Europe’s largest economy has been showing positive signs of recovery from the pandemic but optimism is not high for 2021.
This week, the German government slashed its tax revenue forecast for next year and has committed to additional borrowing in 2021. Meanwhile, Finance minister Olaf Scholz told Reuters that the economy won’t return to pre-crisis levels until the start of 2022.
The finance ministry said on Thursday (10 September) that it expects overall tax income of €772.9bn (£716bn, $916bn) in 2021, almost €20bn less than its previous estimate.
“We can’t save our way out of the crisis,” finance minister Olaf Scholz said, noting that the tax revenue drop was related to the government’s stimulus spending. However, he added that there are “many signs that the worst is behind us.”
His words echo those of economy minister Peter Altmaier, who said last week that “in comparison with many other European industrial countries…think of Great Britain where the recession was twice as bad as in Germany... we have succeeded in preserving the substance of our economy and keeping jobs.”
German GDP contracted by 9.7% in the second quarter of 2020, compared with the same period in 2019. However, the government recently revised its forecast for 2020 to a decline of 5.8%, a more optimistic outlook than the previous forecast for a 6.3% contraction.
The latest revision puts the 2020 GDP almost on par with the 5.7% GDP contraction in 2009, at the height of the financial crisis.
“The recession in the first half of the year was less severe than we had feared,” Altmaier said. Post-lockdown recovery is going “faster and more dynamically than we dared hope,” he added.
However, Berlin is more pessimistic about 2021, forecasting growth of just 4.4%, down from its previous expectation of 5.2%.
Output in the manufacturing sector increased for the third consecutive month in July, its 1.2% rise was much lower than the May and June surges.
“The improved mood among companies and the reduction in short-time work suggest that the recovery process will continue in the coming months, although it may take some time,” the federal economics ministry said.
Automotive sector struggling
The car sector saw a 7% output increase in July, but is still 15% under its pre-pandemic level. The German Economic Institute warned that the car industry is not the growth engine of the German economy in its current ailing state.
While the government has earmarked billions to support the car industry, which employs around 900,000 people, the focus of that support is on technology, the switch to green mobility, and buyer premiums on electric cars.
To the dismay of automotive chiefs, who are battling over-capacity and anxious for demand to pick up, Berlin has so far not agreed to fund buyer premiums on petrol and diesel cars.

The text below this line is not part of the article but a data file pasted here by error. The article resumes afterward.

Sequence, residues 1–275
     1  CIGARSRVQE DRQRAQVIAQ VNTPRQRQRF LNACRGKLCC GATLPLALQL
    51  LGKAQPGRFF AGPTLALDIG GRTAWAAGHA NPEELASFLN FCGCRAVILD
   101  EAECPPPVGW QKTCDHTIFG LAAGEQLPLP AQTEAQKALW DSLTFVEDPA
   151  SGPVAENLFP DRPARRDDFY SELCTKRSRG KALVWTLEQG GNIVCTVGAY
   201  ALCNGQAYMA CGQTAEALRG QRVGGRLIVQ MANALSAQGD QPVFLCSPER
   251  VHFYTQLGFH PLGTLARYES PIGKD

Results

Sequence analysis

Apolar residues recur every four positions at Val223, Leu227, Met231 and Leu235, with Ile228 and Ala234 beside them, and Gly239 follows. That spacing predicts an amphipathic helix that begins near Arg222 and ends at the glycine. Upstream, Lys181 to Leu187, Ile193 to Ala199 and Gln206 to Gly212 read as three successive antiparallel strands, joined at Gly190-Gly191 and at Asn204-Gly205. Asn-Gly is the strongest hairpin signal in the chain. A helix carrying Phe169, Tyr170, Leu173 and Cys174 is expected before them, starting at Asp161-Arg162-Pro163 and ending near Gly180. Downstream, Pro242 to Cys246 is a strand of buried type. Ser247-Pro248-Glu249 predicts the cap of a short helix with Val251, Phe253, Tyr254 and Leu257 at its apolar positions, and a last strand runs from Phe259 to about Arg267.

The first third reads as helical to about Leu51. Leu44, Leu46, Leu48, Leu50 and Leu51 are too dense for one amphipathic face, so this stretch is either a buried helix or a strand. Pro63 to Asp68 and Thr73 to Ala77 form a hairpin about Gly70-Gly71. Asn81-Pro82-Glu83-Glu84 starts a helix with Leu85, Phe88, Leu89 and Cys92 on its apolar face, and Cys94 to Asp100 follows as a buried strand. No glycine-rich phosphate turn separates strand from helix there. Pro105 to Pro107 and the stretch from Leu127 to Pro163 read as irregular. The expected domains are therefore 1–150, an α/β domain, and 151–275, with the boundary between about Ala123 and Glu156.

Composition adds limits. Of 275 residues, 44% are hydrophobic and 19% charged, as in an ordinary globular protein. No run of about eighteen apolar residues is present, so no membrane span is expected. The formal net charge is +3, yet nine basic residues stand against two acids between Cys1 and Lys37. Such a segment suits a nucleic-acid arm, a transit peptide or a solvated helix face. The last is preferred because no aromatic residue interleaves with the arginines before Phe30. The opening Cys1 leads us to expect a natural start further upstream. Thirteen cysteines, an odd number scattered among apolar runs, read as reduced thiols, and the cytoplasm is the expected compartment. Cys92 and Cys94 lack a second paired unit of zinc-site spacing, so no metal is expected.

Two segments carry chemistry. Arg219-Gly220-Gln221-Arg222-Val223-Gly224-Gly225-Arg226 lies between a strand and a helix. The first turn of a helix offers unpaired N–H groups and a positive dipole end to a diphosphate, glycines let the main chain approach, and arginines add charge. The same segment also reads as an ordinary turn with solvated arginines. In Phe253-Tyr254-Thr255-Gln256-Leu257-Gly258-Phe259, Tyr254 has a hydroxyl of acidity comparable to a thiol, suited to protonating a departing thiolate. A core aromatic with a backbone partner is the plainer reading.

Politicians and industry bodies are warning of mass job layoffs in the automotive sector. Already pre-pandemic, the car industry was suffering, and planning job cuts as part of overall cost-cutting plans. On Friday, Volkswagen-controlled lorry maker MAN announced it will cut up to 9,500 jobs.
Audi (NSU.DE) plans to axe 9,500 jobs in Germany between now and 2025, while rival Daimler (DAI.DE) announced in November 2019 that it would cut around 10,000 jobs worldwide by 2025 as part of its cost-saving strategy. BMW (BMW.DE) also plans to get rid of some 6,000 jobs.
Like most of its EU neighbours, the country is also experiencing a second wave in COVID-19 cases — although the death toll, at around 9,300 is significantly lower than in Spain, France, Italy, and the UK.
While a repeat of the nationwide lockdown is highly unlikely, a second surge in infections has stoked concerns about the damage that potential small or local lockdowns or the consumer insecurity will do to their business in the second half of the year.
Borrowing to cushion the blow
Meanwhile, the German government is spending billions to try and lessen the impact of the pandemic on its companies and their staff. After lifting its constitutional debt brake earlier this year to fund the multi-billion-euro stimulus plan — it will borrow around €218bn this year— Scholz said this week that the government will need to take on more debt in 2021 as well.
A key part of Germany’s stimulus effort is the ‘Kurzarbeit’ short-hours work program, which it will now extend until the end of 2021. The scheme was credited with helping Germany recover after the financial crisis, as it avoids mass layoffs and helps companies ramp up once the economy improves.
The Ifo institute said that the number of companies still reliant on the furlough program had dropped to 37% in August, from 42% in July. The industrial sector is still heavily dependent on the scheme, however, with 80% of metal producers still on short-time hours, and 65% of companies in the automotive industry.
Germany’s labour bureau reported a slight increase in the unemployment rate in August, to 6.4%, from 6.3 % the month before. But, it noted that unemployment normally rises slightly in August, and the uptick was not related to the coronavirus pandemic.